It’s a basic principle under US tax law for partnerships that partners are taxed on their “distributive share,” of the partnership’s income. These tax rules are often referred to as “Flow through taxation,” meaning that the income of the entity flows through to be taxed on the owner’s personal tax returns. A recent tax court case. Dodd, TC Memo 2021-118, illustrates the principle and a common problem that arises when the tax partnership owns real estate. The ruling against the taxpayer, Ms. Dodd is an application of fundamental partnership tax rules, but is the result “fair?”
In this case Ms. Dodd was a partner in the partnership which sold a building and reported a gain. Tax partnerships report a partner’s share of the partnership income on a Schedule K-1 that is filed with the partnership tax return and issued to the partner for their use in filing their personal tax return. Ms. Dodd’s K-1 showed a $1mill taxable gain resulting from the sale of the building. However, Ms. Dodd never received $1mill in distribution or other payment from the partnership. In fact, the cash received from the buyer of the building, over $1mill, was used to pay off a mortgage on that building.
Since she never received any payment for the income reported on the K-1, Ms. Dodd argued that she shouldn’t have to include in her personal income and pay tax on that gain. The Tax Court disagreed with Ms. Dodd and confirmed that she did owe tax on the $1mill gain. A partner’s income is not determined by what they received in payment from the partnership. Ms. Dodd’s income is determined by her distributive share of the partnership income, whether she receives payment from the partnership or not.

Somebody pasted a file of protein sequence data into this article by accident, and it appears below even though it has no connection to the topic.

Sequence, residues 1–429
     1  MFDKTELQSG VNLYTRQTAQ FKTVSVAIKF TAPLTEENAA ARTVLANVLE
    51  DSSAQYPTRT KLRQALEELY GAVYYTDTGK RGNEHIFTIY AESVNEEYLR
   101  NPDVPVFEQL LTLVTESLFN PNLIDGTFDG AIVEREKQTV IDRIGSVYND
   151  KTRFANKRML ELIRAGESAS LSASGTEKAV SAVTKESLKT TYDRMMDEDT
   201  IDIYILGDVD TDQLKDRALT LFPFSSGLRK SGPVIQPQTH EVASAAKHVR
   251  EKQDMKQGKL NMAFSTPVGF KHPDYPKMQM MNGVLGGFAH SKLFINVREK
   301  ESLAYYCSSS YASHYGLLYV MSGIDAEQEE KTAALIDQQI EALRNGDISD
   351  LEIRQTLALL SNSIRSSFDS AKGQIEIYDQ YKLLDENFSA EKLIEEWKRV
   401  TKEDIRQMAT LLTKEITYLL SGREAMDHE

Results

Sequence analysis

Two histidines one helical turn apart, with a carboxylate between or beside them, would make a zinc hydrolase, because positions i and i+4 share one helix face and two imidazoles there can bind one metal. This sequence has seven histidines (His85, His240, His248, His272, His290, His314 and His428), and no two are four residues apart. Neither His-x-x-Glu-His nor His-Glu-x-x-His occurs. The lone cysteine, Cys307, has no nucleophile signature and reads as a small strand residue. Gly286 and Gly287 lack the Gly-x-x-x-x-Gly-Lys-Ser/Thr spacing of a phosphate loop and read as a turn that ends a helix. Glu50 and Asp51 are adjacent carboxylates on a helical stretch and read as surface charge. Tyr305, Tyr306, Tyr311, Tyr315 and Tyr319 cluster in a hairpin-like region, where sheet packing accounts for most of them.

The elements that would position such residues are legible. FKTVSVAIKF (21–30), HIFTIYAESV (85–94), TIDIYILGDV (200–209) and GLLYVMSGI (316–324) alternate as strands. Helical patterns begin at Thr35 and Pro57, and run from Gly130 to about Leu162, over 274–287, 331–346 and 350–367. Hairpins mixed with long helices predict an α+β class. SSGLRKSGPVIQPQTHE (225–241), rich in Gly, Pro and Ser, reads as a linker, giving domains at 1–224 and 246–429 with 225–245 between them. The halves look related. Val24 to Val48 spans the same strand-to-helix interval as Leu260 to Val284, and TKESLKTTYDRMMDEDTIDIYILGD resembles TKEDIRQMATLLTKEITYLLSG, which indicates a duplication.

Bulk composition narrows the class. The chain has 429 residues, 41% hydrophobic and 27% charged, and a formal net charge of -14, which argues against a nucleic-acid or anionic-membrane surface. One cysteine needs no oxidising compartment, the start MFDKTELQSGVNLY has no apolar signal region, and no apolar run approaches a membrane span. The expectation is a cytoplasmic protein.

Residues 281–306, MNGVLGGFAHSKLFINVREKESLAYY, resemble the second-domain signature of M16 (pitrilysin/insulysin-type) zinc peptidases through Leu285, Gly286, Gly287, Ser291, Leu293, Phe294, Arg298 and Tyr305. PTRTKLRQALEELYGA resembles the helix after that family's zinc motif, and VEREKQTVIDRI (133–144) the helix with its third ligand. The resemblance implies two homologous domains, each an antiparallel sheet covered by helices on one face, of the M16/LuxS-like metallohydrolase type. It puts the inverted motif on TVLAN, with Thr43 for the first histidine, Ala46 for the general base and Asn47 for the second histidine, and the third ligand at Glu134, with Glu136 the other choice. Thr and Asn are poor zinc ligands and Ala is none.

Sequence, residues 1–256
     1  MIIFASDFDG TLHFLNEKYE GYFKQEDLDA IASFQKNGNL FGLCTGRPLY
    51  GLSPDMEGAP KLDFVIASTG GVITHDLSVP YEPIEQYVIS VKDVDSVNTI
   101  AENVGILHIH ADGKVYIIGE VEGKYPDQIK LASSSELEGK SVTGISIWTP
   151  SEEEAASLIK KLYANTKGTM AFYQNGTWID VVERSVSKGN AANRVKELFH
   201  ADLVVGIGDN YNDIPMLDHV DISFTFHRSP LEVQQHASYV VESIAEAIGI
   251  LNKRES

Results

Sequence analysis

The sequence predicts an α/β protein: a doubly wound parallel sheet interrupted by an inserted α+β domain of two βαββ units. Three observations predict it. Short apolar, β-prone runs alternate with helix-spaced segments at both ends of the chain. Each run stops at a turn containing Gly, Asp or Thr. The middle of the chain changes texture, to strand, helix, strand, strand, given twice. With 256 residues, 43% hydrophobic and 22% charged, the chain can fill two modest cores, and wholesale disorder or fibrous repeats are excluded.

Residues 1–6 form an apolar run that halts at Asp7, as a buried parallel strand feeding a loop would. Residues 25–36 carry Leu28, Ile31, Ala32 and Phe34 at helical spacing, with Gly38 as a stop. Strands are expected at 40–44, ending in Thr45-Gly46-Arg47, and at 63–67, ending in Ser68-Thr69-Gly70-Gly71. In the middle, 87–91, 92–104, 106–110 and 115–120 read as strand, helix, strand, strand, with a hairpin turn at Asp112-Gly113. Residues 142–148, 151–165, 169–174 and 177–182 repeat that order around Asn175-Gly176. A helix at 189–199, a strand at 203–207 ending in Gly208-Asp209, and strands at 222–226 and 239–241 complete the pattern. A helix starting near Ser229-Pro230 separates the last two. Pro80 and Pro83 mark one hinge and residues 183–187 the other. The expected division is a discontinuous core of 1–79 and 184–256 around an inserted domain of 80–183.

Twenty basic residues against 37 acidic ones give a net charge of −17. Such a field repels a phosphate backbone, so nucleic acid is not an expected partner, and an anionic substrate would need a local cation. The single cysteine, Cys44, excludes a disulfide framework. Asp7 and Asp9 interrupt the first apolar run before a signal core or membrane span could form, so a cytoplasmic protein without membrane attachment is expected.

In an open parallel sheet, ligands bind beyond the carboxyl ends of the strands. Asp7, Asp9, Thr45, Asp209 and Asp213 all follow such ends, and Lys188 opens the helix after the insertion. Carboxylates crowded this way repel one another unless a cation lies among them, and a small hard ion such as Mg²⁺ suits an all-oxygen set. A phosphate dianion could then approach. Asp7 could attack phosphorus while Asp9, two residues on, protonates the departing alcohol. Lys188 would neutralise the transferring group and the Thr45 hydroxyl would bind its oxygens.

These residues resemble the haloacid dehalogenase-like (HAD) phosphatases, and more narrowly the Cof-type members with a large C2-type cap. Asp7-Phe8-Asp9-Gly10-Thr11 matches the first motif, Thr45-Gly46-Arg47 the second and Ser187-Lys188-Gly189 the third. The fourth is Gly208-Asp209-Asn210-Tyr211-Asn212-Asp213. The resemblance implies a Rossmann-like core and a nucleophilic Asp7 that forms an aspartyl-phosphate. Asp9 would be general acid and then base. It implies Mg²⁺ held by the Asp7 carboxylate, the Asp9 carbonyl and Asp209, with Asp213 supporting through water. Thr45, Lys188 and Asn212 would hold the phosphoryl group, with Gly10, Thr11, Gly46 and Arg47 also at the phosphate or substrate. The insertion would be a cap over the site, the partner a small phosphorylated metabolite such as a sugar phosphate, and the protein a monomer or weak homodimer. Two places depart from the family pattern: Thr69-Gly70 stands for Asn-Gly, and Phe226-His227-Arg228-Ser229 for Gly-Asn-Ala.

But is that “fair?”
My view is that fairness in taxation is a subjective discussion. So rather than providing a conclusive answer to that question, let me point out some math and tax mechanics to the situation that may not be immediately obvious.
Without getting into the specifics of Ms. Dodd’s case, this situation happens quite often in real estate partnerships. Investors often purchase properties with debt. Although the lender may have a mortgage or other lien on the property for accounting and tax purposes the property is owned by the investors. That entitles the investors to tax deductions related to the property such as depreciation and operating expenses.
Let’s suppose investors purchased a building for $1.3mill with a $300K down payment and a $1mill mortgage. That $1.3mill establishes the investors’ tax basis in the property. Over time if the building is not earning income that exceeds operating expenses, that tax basis could be depleted from tax deductions, primarily depreciation. Those tax deductions should have been available to the investors, as tax benefits, reducing their overall taxes.
A sometimes confusing tax results arises if the property is later sold with no increase in value. Supposed in our example the property is sold for $1mill and the original mortgage is still outstanding. Then there would be no cash for the investor from the sale, because it would be used to pay the lender. The investor however is deemed to have received that $1mill before paying the lender and has no remaining tax basis in the property. Thus, the investor has a $1mill gain. This gain is essentially recapturing the $1mill in tax deductions that investor was provided over the previous years when holding the property.
In the Dodd case, the investors held the property through a partnership. That doesn’t change this overall dynamic. So, without opining on the fairness of tax law, let me rephrase the question for you.
Is it fair that an investor who w
as allocated $1mill in tax deductions, would be required to recapture those deductions as a gain when the property is sold? They certainly didn’t receive a check for $1mill in that case, but they didn’t bear the economic cost of the $1mill in previous tax deductions they took either.